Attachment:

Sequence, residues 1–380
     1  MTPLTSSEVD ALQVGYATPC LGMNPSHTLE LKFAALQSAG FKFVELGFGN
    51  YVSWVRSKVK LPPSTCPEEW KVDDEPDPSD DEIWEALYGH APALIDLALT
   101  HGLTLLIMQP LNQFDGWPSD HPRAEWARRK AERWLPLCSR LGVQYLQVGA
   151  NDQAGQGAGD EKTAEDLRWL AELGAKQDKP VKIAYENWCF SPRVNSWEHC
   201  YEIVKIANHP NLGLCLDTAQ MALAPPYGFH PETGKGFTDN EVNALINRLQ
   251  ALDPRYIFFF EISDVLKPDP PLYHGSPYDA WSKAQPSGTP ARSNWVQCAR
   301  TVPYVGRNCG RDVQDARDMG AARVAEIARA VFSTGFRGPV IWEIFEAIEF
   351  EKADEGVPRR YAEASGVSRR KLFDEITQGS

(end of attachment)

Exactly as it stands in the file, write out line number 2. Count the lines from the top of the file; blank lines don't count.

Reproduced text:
     1  MTPLTSSEVD ALQVGYATPC LGMNPSHTLE LKFAALQSAG FKFVELGFGN